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education. jeffrey has shattered that. >tavis: i was saying before we came on camera that i have a foundation that works with young people. every summer, we have hundreds of kids from all across the country, every state, that come to l.a. to take over the campus of ucla and bear down with them on what it means to be a leader and how that process starts now. i am not talking about college kids. we are looking at 13 to 18. we try to make an impact on these kids' lives and the concept of leadership and what it means to serve people starting at an early age. this summer, the studio was kind enough to premiere this film privately for the kids, these 13 to 18-year-old kids. i sat in the back of the room with the kids. i was anxious to see it before
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you came on the show. i sat in the auditorium with those hundreds of kids and i was blown away by the way they receive this film. i was not sure they were going to get it the way they did. but these kids, not adults, it hit the skids hard. leslie was there. the kids were bearing down on her after wars with serious questions. -- afterwards with serious questions. do they get have shortchanged they are in this system? >> that is such a great question. our young people are looking around trying to figure out why is it like this? and what chances do i really have? am i really smart? here is something that a lot of us do not think about. you have millions of young people who really are sitting there now thinking i am really not that smart because i am i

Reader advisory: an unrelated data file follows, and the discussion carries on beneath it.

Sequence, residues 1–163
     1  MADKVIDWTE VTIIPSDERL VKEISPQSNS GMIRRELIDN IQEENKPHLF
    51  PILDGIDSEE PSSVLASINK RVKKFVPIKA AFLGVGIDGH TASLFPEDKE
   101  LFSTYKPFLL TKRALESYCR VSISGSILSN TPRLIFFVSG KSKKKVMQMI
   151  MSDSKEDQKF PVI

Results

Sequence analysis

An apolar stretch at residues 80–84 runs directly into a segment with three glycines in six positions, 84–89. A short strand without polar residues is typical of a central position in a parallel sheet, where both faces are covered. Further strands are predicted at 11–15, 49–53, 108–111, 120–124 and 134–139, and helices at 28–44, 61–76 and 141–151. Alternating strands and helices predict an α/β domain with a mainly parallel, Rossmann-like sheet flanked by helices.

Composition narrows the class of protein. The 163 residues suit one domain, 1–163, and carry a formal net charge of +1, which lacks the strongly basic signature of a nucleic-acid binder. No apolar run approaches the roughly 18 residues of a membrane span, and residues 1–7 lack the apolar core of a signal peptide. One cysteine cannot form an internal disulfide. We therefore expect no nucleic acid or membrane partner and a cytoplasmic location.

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getting it. i am not learning. and they think there is something wrong with them. then they look at the film and realize it is not me. it is not me. i am ok. when kids do not believe they are smart, they do not work hard. what is the use of trying? i am not going to get it. it is my job to make you get it. that is why i get paid. you did not learn it so you get the f and you got left back. after years of that, what do you think happens to these kids? they start believing something is wrong with me and all my friends and everybody else i know, except for this tiny group of kids who seem to be doing ok and we present those kids -- and we resent those kids. this is the first time we looked at the system and we said maybe it does the system and not us. i am sure it is a revelation. what happens after that is they get angry.
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how did you guys let this happen to me? you know all this time that it was not me and i thought it was me. tavis: the kids in the auditorium got angry and they got hurt. i do not want to give too much of the movie away. this is the most powerful documentary i've seen in years. it is a powerful piece. we can talk about the politics of people who do not agree with. but it is a powerful piece about education in this country. the kids got angry first and then they got hurt. the movie follows a number of kids and the journey that they are wrong, that their parents dhahran, trying to see if they -- parents are on, try to see if they will get into a school that does work. it has the process for the